Under the hood improvements (greater stability, more efficient use of resources) make up most of the changes, but we’re pleased to note that this will be the first version of the SDK to support a split jar architecture. Previously, the SDK was compiled as a single, all-encompassing JAR file. Beginning with this release, however, it’s also built into separate JARs, each covering a specific domain of functionality. Interactive Media Ads (IMA) and Mobile Ads developers can now reference part of the Play Services SDK without needing to import the whole thing. This in turn reduces the APK size and memory footprint of your applications.

Taking advantage of the new architecture is easy -- you just need to change how you’re incorporating the SDK in your build process. Here’s an excerpt from a typical build.gradle file for an app that uses the SDK to display mobile ads:

dependencies {
    compile fileTree(dir: 'libs', include: ['*.jar'])
    compile 'com.google.android.gms:play-services:6.+'
}

And here’s one that targets the ads library specifically, new in v6.5:

dependencies {
    compile fileTree(dir: 'libs', include: ['*.jar'])
    compile 'com.google.android.gms:play-services-ads:6.+'
}

That’s it! Gradle will now incorporate the new, smaller JAR into your application. If your app consumes other services from the SDK, simply add the relevant JARs (play-services-games or play-services-location, for example) to your build file as well.

IMA developers can make this change now. If you’re a Mobile Ads developer, one important thing to note is that the new split jar architecture currently works only with projects that configure banner ads in Java code, and not in XML. We plan to support XML configurations in the future, but for now if you’re defining and configuring your AdViews in an XML layout file, you should continue to reference Play Services in the existing manner.

You can read the Google Play Services Announcement on the Android Developers Blog for a summary of what’s new with this release. For a full list of Mobile Ads SDK changes, check out our release notes. For technical questions, post them on our forum.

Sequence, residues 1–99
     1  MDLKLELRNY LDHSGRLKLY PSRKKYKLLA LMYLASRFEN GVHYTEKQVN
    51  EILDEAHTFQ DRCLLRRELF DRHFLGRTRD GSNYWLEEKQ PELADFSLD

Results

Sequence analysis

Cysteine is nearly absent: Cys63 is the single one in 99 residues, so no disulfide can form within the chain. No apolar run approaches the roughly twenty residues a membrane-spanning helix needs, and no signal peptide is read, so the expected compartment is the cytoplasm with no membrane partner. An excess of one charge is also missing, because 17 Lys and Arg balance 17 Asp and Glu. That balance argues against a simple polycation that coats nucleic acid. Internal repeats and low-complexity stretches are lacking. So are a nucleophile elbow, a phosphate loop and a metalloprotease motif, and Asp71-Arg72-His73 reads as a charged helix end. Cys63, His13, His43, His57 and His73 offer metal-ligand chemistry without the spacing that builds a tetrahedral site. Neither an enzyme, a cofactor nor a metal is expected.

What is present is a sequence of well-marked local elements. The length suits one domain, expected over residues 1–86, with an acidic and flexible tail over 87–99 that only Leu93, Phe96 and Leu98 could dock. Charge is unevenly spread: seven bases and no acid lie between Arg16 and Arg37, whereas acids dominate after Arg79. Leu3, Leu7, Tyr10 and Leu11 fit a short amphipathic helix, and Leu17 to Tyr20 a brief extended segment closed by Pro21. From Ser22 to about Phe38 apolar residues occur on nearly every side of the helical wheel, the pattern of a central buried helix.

Posted:

A lot of our DFP API developers have been asking recently about how to filter report data by custom targeting key ID. Currently the DFP API allows you to filter report data by custom targeting value ID only. Until we have official support for filtering by custom targeting key ID in reports, you can use the CustomTargetingService and the ReportService together to achieve this goal.

Step 1: Use CustomTargetingService to get your keys and values

You will first need to use getCustomTargetingValuesByStatement and filter by the custom targeting keys you’re interested in to obtain all the corresponding values. For example:

    WHERE customTargetingKeyId IN (17, 18, 19)

If you have a lot of keys and values in your network, a better approach is to store these in a local database and do nightly syncs. Use getCustomTargetingKeysByStatement to obtain all the keys in your network, and then iterate through them, calling getCustomTargetingValuesByStatement for each key to obtain their values. Our client libraries all have examples of this. For instance, the Java example can be found in our ads Java client library GitHub repository. This way, you can look up the values associated with a custom targeting key more quickly and not do an additional API call.

Step 2: Use the values in a report query

Once you have the values for the custom targeting key you’re interested in, you can then use the ReportQuery.statement with the PQL IN clause to filter on the CUSTOM_TARGETING_VALUE_ID dimension. For example, say you were interested in filtering on custom targeting key ID of 7777. You look up the values of 7777 in Step 1, which gives you three value IDs: 3211, 88990, 123456. You can then use the IDs to effectively filter your report data by custom targeting key ID 7777.

    WHERE CUSTOM_TARGETING_VALUE_ID IN (3211, 88990, 123456)

However, please be aware that if you have a lot of custom targeting value IDs to filter on, you should batch them by querying for no more than 500 IDs at a time in the PQL IN clause. For example, you will run your report filtering on the first 500 IDs you’ve collected and save that report. Then you will run the same report on the next page of 500 IDs you’ve collected and so on until you have no more IDs. You can then combine the reports locally so that you have all the data for those custom targeting IDs.